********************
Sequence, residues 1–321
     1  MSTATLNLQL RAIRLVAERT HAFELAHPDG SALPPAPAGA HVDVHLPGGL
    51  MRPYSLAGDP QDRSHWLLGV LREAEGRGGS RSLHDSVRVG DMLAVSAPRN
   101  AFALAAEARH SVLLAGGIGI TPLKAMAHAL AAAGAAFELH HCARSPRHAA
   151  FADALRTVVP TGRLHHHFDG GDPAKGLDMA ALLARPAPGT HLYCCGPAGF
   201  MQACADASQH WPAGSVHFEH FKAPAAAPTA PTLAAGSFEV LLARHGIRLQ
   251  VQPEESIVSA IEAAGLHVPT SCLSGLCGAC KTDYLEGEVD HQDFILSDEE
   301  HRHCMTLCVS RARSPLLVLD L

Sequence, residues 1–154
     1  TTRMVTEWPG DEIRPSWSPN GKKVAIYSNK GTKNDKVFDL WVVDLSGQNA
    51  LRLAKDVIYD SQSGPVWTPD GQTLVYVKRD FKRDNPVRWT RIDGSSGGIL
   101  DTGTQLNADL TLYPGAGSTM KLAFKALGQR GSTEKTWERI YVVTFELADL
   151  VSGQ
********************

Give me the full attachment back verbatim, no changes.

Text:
Sequence, residues 1–321
     1  MSTATLNLQL RAIRLVAERT HAFELAHPDG SALPPAPAGA HVDVHLPGGL
    51  MRPYSLAGDP QDRSHWLLGV LREAEGRGGS RSLHDSVRVG DMLAVSAPRN
   101  AFALAAEARH SVLLAGGIGI TPLKAMAHAL AAAGAAFELH HCARSPRHAA
   151  FADALRTVVP TGRLHHHFDG GDPAKGLDMA ALLARPAPGT HLYCCGPAGF
   201  MQACADASQH WPAGSVHFEH FKAPAAAPTA PTLAAGSFEV LLARHGIRLQ
   251  VQPEESIVSA IEAAGLHVPT SCLSGLCGAC KTDYLEGEVD HQDFILSDEE
   301  HRHCMTLCVS RARSPLLVLD L

Sequence, residues 1–154
     1  TTRMVTEWPG DEIRPSWSPN GKKVAIYSNK GTKNDKVFDL WVVDLSGQNA
    51  LRLAKDVIYD SQSGPVWTPD GQTLVYVKRD FKRDNPVRWT RIDGSSGGIL
   101  DTGTQLNADL TLYPGAGSTM KLAFKALGQR GSTEKTWERI YVVTFELADL
   151  VSGQ